Geo Week News

June 27, 2023

Will AI revolutionize the geospatial industry?

Industry experts weigh in on the potential and the pitfalls of the AI technology boom

Geospatial data, encompassing satellite imagery, aerial photographs, topographic maps, and more, provides a wealth of information about the Earth's surface. However, extracting valuable insights from this vast volume of data has traditionally been a time-consuming and labor-intensive process. This is where AI steps in, enabling geospatial professionals to leverage the power of machine learning and computer vision algorithms to automate and streamline analysis.

The recent rise of artificial intelligence capabilities has sparked a transformative wave across various sectors, and the geospatial industry is no exception. AI, combined with geospatial data, has begun to empower more professionals to gain additional insights and make informed decisions, in less time and with less human intervention. From urban planning and agriculture to disaster management and transportation, AI-driven applications have the potential to revolutionize the geospatial industry by offering increased efficiency, and, potentially, predictive capabilities.

However, with any promise of new technology also comes additional considerations, from concerns about accuracy to potential negative impacts on the workforce. To get a better idea of both where we are now, and where we are going, Geo Week spoke to industry experts for their latest report, Harnessing the Power of AI in the Geospatial Industry. In the report, six geospatial professionals discuss how they are currently using AI in their work, what they hope to do in the future, but also discuss the risks and realities involved.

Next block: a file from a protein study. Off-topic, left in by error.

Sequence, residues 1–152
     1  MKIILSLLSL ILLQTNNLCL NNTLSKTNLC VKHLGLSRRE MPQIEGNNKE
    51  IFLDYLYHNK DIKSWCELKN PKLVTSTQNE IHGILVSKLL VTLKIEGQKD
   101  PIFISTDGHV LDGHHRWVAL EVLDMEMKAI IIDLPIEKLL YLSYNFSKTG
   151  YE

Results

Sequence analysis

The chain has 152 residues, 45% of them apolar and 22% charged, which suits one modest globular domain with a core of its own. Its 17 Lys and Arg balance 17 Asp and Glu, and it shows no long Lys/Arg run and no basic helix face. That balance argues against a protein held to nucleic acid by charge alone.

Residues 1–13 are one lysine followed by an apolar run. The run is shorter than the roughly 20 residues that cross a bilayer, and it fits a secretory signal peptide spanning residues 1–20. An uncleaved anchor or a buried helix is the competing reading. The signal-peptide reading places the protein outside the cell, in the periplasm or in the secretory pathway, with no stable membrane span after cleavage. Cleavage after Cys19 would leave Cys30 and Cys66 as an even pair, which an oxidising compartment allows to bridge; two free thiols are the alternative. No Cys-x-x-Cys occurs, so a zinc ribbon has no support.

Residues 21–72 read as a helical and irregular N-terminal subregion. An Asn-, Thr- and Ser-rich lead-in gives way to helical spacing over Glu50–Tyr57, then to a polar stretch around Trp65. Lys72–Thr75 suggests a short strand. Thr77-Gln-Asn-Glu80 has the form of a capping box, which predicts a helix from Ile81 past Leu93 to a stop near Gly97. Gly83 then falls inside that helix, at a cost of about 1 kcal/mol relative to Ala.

Here’s some of what the experts had to say:

“The biggest benefit of AI is that it has enabled us to undertake extremely complex calculations involving huge amounts of data consistently and at amazing speeds. This has reduced the time that people need to spend on mundane, repetitive tasks, and enabled them to spend more time focusing on critical tasks, such as exercising their expert judgment or identifying and defining problems that need solving.” -Nadine Alameh, Open Geospatial Consortium 

“The other thing that we don’t often talk about is that AI really depends on data. I think another big future component is going to be adding IoT sensors into digital twins. Adding piezometers, inclinometers, weir flow sensors, etc., to the mix will allow for more timely information. Then we can leverage AI to conduct the analysis that we would use to provide safer operations.” - Carlos Femmer, HDR Engineering  

“Down the line, the most important thing AI is bringing to the table is automation. So doing more with less, increasing productivity, higher reliability - that’s what we aim for. We can automate a lot of processes today; for example, we can save a lot of time and human errors, but we still have a lot to do, about the reliability or certification of the results. When it comes to automation and the scale at which we can now analyze data - we were not able to do that before AI.” - Florent Poux, University of Twente 

“I think it’s critical that we continue to interrogate, Are we applying what we do responsibly as an industry? But I think it’s good, because I think these recent conversations are really forcing that. I think that there will be a lot of movement both on the advancements in AI, which we’re obviously seeing, but also focused on how you do that ethically and responsibly.” - Asa Block, Near Space Labs

By addressing these challenges and considerations, the geospatial industry can harness the full potential of AI while mitigating risks and ensuring responsible and effective use of technology in geospatial applications. Hear more about what our experts have to say by downloading the free report today. 

Want more stories like this? Subscribe today!

Read Next

Related Articles


Join the Discussion